What Does an Anesthesiologist Do?
Learn About the Salary, Required Skills, & More
Anesthesiologists are physicians who administer anesthetics (drugs) that reduce or eliminate sensations of pain before, during, or after surgery or another medical procedure. Just as specialized as any specialist medical doctor, anesthesiologists work with doctors or surgeons and customize anesthesia according to a patient’s medical history.
In 2018 there were 31,200 anesthesiologists working in the United States in hospitals, outpatient surgical centers, clinics, and physician’s offices.
Anesthesiologist Duties & Responsibilities
Anesthesiologists have a specialty in pain management, along with a wide array of responsibilities.
- Administering pain relief before, during, and after medical procedures
- Monitoring patients’ vital signs during procedures
- Supervising anesthesia assistants and certified registered nurse anesthetists
- Approving general, sedative, regional, or local anesthetics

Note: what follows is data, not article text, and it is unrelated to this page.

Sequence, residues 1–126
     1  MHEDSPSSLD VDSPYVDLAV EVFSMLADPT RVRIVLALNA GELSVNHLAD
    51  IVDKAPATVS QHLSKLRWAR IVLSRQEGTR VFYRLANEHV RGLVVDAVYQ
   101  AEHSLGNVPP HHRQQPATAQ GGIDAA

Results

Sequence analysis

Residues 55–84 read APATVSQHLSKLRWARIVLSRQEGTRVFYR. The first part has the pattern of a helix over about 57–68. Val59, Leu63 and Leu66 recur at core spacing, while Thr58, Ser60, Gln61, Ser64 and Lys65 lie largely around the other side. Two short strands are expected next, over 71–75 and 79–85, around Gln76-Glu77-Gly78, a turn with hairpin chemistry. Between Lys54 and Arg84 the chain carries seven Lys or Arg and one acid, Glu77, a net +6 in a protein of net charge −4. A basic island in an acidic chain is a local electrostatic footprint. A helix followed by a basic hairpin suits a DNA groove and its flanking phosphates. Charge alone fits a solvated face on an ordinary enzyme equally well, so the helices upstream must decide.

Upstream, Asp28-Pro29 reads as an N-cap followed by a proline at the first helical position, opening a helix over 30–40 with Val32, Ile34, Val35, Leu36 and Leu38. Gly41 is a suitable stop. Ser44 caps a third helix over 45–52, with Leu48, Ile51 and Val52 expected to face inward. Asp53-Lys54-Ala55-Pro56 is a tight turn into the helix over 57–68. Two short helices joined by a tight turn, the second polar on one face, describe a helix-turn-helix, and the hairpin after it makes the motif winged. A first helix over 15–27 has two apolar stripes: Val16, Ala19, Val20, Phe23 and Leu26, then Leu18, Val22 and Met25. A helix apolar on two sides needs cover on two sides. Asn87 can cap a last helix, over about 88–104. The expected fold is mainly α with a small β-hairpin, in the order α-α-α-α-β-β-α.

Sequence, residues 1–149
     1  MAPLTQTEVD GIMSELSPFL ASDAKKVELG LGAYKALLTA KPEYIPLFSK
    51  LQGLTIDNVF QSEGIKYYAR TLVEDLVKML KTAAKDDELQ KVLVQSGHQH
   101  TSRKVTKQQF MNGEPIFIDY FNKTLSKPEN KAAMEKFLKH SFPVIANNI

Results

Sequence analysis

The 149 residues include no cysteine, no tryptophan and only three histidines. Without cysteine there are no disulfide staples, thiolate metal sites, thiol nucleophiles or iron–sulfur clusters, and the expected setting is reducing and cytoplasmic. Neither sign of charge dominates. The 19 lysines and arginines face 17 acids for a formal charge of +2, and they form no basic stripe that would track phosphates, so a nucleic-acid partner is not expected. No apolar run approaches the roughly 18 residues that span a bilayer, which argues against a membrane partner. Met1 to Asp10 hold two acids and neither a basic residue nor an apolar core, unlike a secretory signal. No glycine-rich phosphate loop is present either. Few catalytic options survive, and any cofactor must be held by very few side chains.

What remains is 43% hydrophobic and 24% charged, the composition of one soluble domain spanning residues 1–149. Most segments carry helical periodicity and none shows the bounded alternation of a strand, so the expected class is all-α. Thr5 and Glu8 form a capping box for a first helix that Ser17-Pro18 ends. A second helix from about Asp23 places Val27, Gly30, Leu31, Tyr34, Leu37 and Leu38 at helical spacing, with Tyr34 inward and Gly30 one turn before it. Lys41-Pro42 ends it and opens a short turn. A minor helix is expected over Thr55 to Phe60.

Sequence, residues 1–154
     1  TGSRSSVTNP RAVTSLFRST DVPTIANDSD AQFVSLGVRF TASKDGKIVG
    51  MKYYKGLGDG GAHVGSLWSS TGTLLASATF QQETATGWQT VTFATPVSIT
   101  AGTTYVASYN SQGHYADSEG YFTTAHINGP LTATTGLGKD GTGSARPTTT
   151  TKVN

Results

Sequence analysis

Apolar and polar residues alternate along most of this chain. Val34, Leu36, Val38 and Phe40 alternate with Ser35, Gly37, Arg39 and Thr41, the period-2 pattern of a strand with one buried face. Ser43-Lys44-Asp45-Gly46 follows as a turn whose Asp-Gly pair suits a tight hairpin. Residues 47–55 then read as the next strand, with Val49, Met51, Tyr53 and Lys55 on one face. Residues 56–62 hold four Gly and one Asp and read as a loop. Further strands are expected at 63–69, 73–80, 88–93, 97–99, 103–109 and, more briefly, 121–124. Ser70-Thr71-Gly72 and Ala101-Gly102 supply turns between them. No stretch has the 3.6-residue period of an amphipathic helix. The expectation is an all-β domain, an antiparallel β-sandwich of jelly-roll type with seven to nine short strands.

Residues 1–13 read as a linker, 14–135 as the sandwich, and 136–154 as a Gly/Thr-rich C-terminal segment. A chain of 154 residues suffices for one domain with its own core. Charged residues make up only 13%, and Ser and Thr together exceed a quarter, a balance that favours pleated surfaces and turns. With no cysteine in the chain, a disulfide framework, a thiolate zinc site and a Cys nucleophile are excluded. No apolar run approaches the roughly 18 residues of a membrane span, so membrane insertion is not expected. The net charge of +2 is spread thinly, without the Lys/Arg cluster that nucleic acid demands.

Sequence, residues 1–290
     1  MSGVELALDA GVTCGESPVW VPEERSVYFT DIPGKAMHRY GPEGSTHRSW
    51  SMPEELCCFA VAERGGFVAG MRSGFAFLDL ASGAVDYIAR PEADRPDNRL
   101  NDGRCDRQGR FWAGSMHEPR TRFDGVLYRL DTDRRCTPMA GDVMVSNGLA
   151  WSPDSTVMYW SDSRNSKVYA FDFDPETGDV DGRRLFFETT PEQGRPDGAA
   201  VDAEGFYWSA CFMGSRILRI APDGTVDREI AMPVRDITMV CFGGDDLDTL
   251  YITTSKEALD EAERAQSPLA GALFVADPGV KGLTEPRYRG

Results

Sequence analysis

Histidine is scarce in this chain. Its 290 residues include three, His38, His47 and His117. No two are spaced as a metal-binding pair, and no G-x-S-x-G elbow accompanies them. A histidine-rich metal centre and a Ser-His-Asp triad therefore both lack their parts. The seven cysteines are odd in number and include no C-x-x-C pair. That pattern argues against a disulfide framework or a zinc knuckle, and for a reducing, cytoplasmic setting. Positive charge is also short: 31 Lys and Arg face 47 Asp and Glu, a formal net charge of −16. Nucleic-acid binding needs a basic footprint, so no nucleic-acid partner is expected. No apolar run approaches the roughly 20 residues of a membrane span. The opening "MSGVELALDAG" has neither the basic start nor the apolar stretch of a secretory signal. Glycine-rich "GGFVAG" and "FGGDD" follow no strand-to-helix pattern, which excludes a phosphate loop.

- Reviewing medical files and lab results
- Informing patients of risks associated with anesthesia
- Complying with medical and hospital procedure policy
A patient may feel discomfort for a period of time after certain procedures have been completed, so the anesthesia should help the patient transition into, through, and out of the procedure with relative ease. This is known as perioperative medicine, the specialty of anesthesiologists.
If you’ve done your job well as an anesthesiologist, the patient will usually have no complications stemming from the anesthesia or pain medication during or after the procedure. On rare occasions, the drugs administered for the purpose of eliminating pain can produce reactions in patients. When this happens, anesthesiologists restore the patient to a stable status for the procedure to continue or to be attempted another day.
Just like any specialist medical doctor, a high degree of specialty merits significant pay. As such, anesthesiologists make six figures almost immediately. Without qualified anesthesiologists, some of the most vital and urgent medical procedures (such as surgery) cannot be done.
- Mean Annual Salary: $267,020
- Top 10% Annual Salary: $267,020+
- Bottom 10% Annual Salary: $133,080
Education, Training, & Certification